When the fleets of the British Navy fought at the Battle of Jutland, the greatest naval battle of the First World War, they were supported by an intricate infrastructure on land. Hear the stories of the men and women who were on hand to provide much needed aid to the ships, and their recollections of the men after their return from the battle.
The Battle of Jutland, often labelled the greatest naval battle of the First World War, was the last great naval conflict fought solely between surface ships.
The battle took place between 31 May and the 1 June 1916. The German High Seas fleet, under the new leadership of Admiral Reinhard Scheer, wanted to weaken the Royal Navy by launching an ambush in the North Sea. At this time the Navy’s fleet was based at three different locations in Scotland. The Grand Fleet under Commander-in-Chief Admiral Sir John Jellicoe was berthed at Scapa Flow in Orkney; Admiral Sir David Beatty and his Battlecruiser Squadron was moored in the Firth of Forth, whilst the 2nd Battle Squadron commanded by Vice-Admiral Martyn Jerram was based in Cromarty. Scheer planned to lure the ships out and destroy Beatty’s force before Jellicoe could arrive.
However, British code breakers managed to warn the fleets in advance, and all were put to sea. The battle which ensued continues to be a matter of great debate: particularly which of the fleets was the winner. Although the British suffered greater losses, the German fleet did not engage with the British navy again, and rarely left port for the rest of the war, reverting instead to the tactics of submarine warfare.
A huge workforce was on hand at both Scapa Flow and in Rosyth to provide support to the fleets. Those who stayed in port, awaiting the ships return, played a critical role in restoring the ships and supporting their crew. C H Petty, a member of the dockyard staff in Orkney, recalled his earliest memories from Scapa Flow:
“My… most poignant recollection of Scapa is the departure from the Flow of the entire Fleet of warships, destroyers etc. towards the end of May 1916; of rumours of a big battle; and of working all through the night making coffins. The entire dockyard staff, of all trades, was engaged upon this gruesome task.”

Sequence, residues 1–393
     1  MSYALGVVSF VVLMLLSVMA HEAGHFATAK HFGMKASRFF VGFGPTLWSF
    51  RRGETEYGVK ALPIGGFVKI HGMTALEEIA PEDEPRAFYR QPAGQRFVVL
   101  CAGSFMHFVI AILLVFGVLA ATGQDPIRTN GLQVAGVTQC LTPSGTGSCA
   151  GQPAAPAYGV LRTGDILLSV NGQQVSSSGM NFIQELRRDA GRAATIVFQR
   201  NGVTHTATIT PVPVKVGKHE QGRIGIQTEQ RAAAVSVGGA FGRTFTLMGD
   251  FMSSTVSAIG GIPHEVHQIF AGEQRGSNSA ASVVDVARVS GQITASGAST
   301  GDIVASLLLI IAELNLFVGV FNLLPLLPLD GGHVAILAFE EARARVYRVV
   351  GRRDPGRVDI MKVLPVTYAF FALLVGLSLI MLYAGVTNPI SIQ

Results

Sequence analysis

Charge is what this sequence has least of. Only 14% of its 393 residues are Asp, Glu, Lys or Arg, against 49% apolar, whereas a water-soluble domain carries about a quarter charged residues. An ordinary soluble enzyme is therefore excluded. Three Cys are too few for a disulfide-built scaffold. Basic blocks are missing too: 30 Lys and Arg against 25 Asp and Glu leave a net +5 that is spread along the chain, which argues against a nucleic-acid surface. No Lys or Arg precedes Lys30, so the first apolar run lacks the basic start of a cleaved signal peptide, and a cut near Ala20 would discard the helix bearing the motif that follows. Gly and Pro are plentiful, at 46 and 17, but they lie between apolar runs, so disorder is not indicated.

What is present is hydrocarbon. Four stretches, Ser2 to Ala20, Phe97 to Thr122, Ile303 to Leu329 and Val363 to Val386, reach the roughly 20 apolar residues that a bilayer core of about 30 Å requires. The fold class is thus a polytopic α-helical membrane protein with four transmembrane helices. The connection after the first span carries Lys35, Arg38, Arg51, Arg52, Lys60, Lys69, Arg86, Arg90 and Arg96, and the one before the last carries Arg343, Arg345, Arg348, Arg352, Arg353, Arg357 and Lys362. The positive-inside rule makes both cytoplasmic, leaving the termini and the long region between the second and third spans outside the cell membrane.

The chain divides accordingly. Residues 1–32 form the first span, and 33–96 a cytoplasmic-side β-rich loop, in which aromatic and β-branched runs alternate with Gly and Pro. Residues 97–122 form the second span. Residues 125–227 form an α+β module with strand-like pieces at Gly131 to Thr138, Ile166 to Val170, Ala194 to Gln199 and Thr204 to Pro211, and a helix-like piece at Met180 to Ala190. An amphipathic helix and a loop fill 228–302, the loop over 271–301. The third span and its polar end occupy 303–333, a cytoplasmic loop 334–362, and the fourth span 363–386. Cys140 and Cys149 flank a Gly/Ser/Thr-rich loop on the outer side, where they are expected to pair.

In the Firth of Forth a complex infrastructure was needed to house the fleet and its supporting workforce. Prior to the construction of the dockyard Rosyth consisted of only a handful of homesteads, but the influx of more than a thousand men and their families meant that accommodation was in short supply. Easton Gibb & Son, who constructed the dockyard (see Canmore record ID 79567), erected hundreds of second hand corrugated iron huts to house 905 men, 82 women and 138 children. This community soon earned itself a variety of names including tin town, bungalow city and the hut village. Everyone played their part and contributed to the workload. Here are some of their stories.
After returning from Jutland Alfred Leggatt, an engineer aboard HMS Galatea, visited the blacksmith in Rosyth to repair a piece of the damaged boiler. During an interview with the Imperial War museum in 1990 he said:
“I went to the smithy as the shaft was bent and the blacksmith said to take it up to number five. There were two women running the forge. They had joined the dock force – mother and daughter. They whipped the shaft into the fire and had it straightened in no time, no problem.”
Cyril Charles Bevis, a boy shipwright, was sent to Rosyth the day after the battle to work night shifts repairing the ships. He stayed in Tin Town when he first arrived. During an interview with the Imperial War Museum in 1976, he recalled:
“On night shift we were patching up boats making them sea worthy as best we could, so they could go to other ports because Rosyth only had one dock and couldn’t cope, didn’t have the numbers, with all of the boats needing repaired. I met some frightening things, super structures were twisted, masts were smashed…”
On return to port the crew aboard the HMS Malaya held a burial for the dead. Surgeon Lieutenant Duncan Lorimer, who had worked tireless for over 24 hours tending to the wounded, recalled the scene:
“The ship had slowed down and there was a burial going on of the poor unrecognisable scraps of humanity from the explosion. I had been asked previously to try and identify Young and Cotton, but it was impossible. It was a gloomy scene, the grey sky, the grey sea, the stitched up hammocks, the padre with his gown blowing in the breeze. The 'Last Post' was sounded by the Marine buglers and our shipmates plunged into the sullen waters.”
Private John Harris was one of those badly burnt whilst serving on HMS Malaya. On arriving back to port in Rosyth, he was in a state of delirium. He couldn’t have foreseen who would be on hand to help him. He recalled:
“After landing at base we were taken by hospital train to Queensferry. Ladies on the train handed out cigarettes. I kept shouting, "Pass up Lyddite, pass up shrapnel!" A lady put a spoonful of jelly in my mouth to shut it. One chap said, "Do you know who that lady was?" I said, "Haven't the slightest!" He said, "That was Lady Jellicoe!””
Lady Gwendoline Jellicoe (nee Cayzer), the wife of the Commander-in-Chief Admiral Sir John Jellicoe, was described as pretty, wealthy and intelligent - with a mind of her own which she was not afraid to use.
Aerial view of the Grand Fleet at the Firth of Forth
© IWM (Q 20633)
British Warship in dock for repairs after the Jutland Action
© IWM (Q 23212)
Painting depicting wounded sailors
© IWM (Art.IWM ART 2781)